Watch for the Smoke Jumper program,flycasting clinics, the Mountain Bike Biathalon, The Janet Clarkson Memorial Triathlon, and the opening of fishing on the park’s inimitable Firehole River. July, of course, starts with the usual bang and festivities on the 4th,while August plays host to the 40th Annual Yellowstone Rod Run,the 6th Annual Smoking Waters Rendezvous,and the Yellowstone Historic Center Ball. Topping it all off, the West in West Yellowstone is celebrated by that most Western of traditions, rodeo. Cowpokes compete every weekend,from June through August, in the arena just a few miles outside of town. Visit for details. For more information, visit West’s chamber site at Or call the chamber at 406-646-7701.


black bears, 10,000 thermal features, roughly 200 geysers and 41 waterfalls, and at 2,221,766 acres, enough land to apply for United Nations membership. Blazing hot days and brisk, cool nights endured in cars, tents, or on the trails demand a certain amount of preparedness from Yellowstone’s visitors. Weather extremes move in and out of the area like goldfish darting around in an aquarium. The nights can carry both the haunting howling of wolves and coyotes (yep, even in town) and the daunting chill of quick temperature drops. West’s summer calendar is loaded with gatherings and a mind-boggling menu of festivities that beckon visitors. June pretty much kicks off the region’s summer season.

DUBOIS small town in big country, Dubois, Wyoming, is about an hour’s drive from Jackson (to the west) and Riverton (to the east).This little gem of a town is bordered by geography unarguably second to none. Set in the upper Wind River valley,the town is framed by Butch Cassidy’s haunting Dubois Badlands to the east, the stark Absaroka Range to the north, and the majestic Wind River Range to the south. A stroll down the main street,most of it still appointed with boardwalks,yields a taste of Wyoming’s Old West flavor. Log buildings, saloons, quaint shops, and even tipis welcome the travel-weary visitor. The nearby Wind River Range, revered by Native Americans for years before the white man’s arrival, is replete with colorful history and wildlife. Shoshone and Sheepeater Indians traveled and hunted throughout this range, which borders the 2.2-million-acre Wind River Reservation, today home to Northern Arapaho and Eastern Shoshone tribes. Backpackers and hikers to the Winds can choose from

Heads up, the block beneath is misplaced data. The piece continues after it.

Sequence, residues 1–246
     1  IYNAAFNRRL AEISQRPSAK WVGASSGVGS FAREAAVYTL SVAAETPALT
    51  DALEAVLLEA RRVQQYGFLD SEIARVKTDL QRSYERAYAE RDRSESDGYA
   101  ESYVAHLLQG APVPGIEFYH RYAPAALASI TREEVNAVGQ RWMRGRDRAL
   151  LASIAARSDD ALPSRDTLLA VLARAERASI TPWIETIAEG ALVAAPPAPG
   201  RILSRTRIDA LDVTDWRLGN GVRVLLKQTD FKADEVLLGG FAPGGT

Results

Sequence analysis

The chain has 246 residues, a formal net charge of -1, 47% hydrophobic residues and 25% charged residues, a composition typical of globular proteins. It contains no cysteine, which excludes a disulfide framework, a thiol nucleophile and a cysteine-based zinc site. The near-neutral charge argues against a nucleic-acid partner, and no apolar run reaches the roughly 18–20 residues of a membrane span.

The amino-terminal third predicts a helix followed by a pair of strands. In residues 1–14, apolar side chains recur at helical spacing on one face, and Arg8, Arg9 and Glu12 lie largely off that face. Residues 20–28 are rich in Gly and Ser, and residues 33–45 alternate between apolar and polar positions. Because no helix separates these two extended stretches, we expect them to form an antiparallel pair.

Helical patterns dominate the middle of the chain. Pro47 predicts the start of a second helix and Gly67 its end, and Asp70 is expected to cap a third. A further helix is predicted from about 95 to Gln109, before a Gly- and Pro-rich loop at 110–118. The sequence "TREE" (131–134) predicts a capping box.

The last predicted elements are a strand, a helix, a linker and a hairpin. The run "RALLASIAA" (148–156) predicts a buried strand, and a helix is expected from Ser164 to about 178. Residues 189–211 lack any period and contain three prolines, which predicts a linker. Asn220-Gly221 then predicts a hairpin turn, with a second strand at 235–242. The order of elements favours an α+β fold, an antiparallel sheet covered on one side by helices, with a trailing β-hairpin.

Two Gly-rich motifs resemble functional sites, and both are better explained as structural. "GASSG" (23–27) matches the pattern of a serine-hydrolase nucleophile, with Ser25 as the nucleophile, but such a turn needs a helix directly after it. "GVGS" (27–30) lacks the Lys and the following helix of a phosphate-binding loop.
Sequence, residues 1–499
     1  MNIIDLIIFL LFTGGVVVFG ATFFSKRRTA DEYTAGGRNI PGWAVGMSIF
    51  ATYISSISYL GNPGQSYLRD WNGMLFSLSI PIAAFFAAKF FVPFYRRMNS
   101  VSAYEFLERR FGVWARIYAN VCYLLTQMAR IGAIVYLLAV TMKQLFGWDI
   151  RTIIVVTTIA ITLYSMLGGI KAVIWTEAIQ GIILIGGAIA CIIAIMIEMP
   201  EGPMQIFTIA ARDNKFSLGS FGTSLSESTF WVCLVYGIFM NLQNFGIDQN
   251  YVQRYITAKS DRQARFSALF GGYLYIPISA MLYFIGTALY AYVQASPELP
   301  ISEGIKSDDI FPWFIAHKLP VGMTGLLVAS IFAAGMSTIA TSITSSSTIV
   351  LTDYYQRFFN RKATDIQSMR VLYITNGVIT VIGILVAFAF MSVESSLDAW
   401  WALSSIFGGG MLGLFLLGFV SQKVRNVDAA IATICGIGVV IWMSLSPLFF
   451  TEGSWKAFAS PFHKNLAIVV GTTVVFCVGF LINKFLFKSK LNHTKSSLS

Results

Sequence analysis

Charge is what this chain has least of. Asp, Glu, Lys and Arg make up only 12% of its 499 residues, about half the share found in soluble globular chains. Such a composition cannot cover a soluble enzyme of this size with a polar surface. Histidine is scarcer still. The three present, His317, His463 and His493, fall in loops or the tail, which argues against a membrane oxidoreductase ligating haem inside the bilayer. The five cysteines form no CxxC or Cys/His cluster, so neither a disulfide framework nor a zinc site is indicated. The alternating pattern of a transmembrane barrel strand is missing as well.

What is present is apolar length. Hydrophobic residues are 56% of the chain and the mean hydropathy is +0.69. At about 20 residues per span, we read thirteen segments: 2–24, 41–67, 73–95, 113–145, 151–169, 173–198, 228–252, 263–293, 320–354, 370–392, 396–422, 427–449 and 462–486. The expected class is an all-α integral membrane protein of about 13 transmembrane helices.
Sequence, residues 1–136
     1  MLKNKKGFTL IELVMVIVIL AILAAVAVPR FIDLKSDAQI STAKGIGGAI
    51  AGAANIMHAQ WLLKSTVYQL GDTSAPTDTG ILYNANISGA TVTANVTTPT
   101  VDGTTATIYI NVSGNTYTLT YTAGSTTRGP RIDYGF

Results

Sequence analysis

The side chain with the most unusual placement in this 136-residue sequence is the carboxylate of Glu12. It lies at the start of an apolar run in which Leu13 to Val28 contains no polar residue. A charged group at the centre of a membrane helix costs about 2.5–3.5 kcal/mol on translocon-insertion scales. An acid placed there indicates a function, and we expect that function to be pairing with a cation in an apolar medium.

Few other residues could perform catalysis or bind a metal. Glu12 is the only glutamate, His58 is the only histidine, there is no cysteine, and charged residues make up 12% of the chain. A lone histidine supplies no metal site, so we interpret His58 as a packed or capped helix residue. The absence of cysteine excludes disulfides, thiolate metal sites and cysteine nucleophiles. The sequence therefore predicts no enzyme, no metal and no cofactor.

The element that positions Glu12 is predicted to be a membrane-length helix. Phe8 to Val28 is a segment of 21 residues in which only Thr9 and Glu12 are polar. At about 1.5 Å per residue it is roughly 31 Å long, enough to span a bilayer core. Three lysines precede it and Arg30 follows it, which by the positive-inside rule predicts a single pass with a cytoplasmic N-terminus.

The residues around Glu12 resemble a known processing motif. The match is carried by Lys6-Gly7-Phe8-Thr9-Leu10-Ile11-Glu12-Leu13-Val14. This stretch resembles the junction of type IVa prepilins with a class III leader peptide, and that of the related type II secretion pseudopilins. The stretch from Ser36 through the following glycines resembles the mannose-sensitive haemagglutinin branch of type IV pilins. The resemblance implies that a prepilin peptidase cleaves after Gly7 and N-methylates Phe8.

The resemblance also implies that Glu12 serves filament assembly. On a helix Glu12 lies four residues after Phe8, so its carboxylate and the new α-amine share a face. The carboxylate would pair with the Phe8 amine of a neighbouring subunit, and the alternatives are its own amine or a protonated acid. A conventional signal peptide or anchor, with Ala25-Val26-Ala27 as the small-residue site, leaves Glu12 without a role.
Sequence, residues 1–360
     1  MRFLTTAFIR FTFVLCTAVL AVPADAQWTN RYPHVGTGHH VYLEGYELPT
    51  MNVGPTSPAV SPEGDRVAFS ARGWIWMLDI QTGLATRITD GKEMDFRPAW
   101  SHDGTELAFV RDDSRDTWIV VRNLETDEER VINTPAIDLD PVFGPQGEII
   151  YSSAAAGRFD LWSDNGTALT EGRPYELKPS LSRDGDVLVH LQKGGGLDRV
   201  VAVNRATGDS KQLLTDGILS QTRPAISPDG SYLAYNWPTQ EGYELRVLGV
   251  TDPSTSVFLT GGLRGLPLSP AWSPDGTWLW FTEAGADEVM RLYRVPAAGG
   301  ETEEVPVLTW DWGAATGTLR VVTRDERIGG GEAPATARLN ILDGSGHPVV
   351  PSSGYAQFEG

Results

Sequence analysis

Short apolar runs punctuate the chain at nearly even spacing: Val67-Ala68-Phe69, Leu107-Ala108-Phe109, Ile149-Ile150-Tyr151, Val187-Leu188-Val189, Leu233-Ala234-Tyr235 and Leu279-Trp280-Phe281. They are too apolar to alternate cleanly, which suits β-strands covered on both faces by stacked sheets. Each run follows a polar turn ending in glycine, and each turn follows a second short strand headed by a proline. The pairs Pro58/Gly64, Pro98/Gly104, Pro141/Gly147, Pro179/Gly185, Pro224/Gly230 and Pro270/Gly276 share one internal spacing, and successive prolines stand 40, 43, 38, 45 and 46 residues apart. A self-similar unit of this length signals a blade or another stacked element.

Bob Woodall photos



The Absaroka Mountains lie north of Dubois and tower over Torrey Lake.

nearly 800 miles of trails lacing the range’s vast, stunning beauty. Over 150 glaciers work the Winds,beckoning hikers and climbers alike. The Winds are studded with lakes and creeks, themselves teeming with rainbow, cutthroat, golden, brook, German brown, and mackinaw trout. Anglers should come well supplied and ready to reel. And much of the wildlife that Yellowstone visitors can spy also roams the Winds. One of the world’s most magnificent big game animals, the Rocky Mountain bighorn sheep, is showcased in the Dubois area, both indoors and outdoors. The